Thursday, January 27, 2011


The answer seems to be “when it’s a sheet.”

The strangest little things irk me, and one of them is the use of the word “sheet” to refer to “drawing.”  You encounter “sheet” everywhere in AE conversation and writing.  Even the “Drawing List” on drawing cover pages is often titled “Sheet List.”

I confess that I’ve never heard of a problem arising out of the use of the word “sheet” on a construction project.  I’m probably the only person that’s ever noticed it.  I commented on this in a recent Northern Illinois CSI Specification Roundtable teleconference, and judging from the silence on the other end of the teleconference, the rest of the participants were decidedly underwhelmed by my concern.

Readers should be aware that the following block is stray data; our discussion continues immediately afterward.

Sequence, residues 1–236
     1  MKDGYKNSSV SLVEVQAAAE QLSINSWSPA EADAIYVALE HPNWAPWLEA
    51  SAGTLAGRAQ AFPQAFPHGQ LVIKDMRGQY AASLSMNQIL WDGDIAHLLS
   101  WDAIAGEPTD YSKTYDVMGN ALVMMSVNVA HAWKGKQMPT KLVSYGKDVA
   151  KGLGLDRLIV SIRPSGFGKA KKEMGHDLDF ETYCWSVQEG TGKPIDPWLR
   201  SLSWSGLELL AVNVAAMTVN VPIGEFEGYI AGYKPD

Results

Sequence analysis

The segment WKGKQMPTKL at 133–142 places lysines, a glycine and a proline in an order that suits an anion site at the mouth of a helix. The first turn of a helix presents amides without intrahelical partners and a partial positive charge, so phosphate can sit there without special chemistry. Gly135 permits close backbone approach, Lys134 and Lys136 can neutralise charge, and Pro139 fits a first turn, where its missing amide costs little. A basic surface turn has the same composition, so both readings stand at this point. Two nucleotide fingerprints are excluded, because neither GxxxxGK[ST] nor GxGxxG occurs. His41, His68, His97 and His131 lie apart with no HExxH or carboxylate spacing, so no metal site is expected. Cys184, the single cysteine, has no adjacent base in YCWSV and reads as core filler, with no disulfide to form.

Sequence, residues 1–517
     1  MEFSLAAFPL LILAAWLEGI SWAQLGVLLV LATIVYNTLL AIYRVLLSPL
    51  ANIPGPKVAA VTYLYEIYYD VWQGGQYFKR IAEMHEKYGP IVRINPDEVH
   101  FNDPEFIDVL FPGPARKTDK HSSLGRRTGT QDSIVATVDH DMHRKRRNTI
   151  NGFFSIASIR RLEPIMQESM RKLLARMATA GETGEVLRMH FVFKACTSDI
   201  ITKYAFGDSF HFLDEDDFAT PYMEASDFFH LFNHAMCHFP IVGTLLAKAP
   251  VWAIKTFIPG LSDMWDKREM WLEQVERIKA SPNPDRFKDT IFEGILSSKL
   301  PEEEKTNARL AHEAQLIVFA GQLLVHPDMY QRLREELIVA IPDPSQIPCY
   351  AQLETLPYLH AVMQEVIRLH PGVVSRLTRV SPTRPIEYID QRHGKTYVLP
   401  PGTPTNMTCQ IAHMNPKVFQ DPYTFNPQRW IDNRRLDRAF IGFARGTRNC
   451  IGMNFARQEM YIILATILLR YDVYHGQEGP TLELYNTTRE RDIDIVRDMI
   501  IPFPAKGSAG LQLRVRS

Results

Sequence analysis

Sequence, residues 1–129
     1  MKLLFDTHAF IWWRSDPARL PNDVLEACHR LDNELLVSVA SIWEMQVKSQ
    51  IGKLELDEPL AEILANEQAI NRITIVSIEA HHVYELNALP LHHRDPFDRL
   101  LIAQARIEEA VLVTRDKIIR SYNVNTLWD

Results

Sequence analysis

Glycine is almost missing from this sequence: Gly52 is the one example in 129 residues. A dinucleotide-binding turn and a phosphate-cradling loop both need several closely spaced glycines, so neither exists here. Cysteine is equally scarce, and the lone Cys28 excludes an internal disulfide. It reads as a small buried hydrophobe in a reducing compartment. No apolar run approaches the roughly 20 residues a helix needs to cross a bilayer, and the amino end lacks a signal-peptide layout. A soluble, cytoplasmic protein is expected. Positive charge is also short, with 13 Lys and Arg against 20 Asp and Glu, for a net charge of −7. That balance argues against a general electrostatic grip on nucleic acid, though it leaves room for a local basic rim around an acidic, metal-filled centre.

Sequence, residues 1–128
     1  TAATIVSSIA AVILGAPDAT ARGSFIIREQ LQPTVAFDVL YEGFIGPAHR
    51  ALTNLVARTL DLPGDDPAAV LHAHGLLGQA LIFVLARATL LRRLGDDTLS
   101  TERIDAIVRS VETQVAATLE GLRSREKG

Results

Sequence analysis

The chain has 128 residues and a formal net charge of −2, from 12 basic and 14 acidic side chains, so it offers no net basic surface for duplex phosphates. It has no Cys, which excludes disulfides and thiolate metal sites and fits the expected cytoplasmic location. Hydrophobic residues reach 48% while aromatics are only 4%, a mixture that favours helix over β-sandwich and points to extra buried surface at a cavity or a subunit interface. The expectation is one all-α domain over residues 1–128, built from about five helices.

But correct usage matters, especially in writing.  My schoolteacher mother and my attorney father convinced me of that.

In a conversational setting it’s fine to refer to drawings as sheets, but formal AE project communication should use the term “drawings.”

Why?  In AIA A201 – General Conditions of the Contract for Construction, the definition of the contract documents includes “drawings”, not “sheets.”

I just did a word search for “sheet” in A201. Result: zip.  The word “sheet” doesn’t cut any mustard with the wordsmiths at the AIA.  Searching for “drawing” resulted in many hits.  I stopped counting somewhere in the twenties.

I rest my case.

1 comment:

  1. "Sheet" is to "Drawing" as "Page" is to "Specifications". The expression, "Sheet List" is entirely appropriate for a list of the "Sheets" in a set of drawings. It is much clearer to ask "on which sheet is the drawing?" instead of, "on which drawing is the drawing?" The term has a legacy in architecture and engineering, dating back to when drawing were made on sheets of fabric. The usage of "drawings" A201 defines a specific meaning for "drawings" as a contract document or instrument of service; it is not necessary for A201 to define elements of the Drawings such as sheets.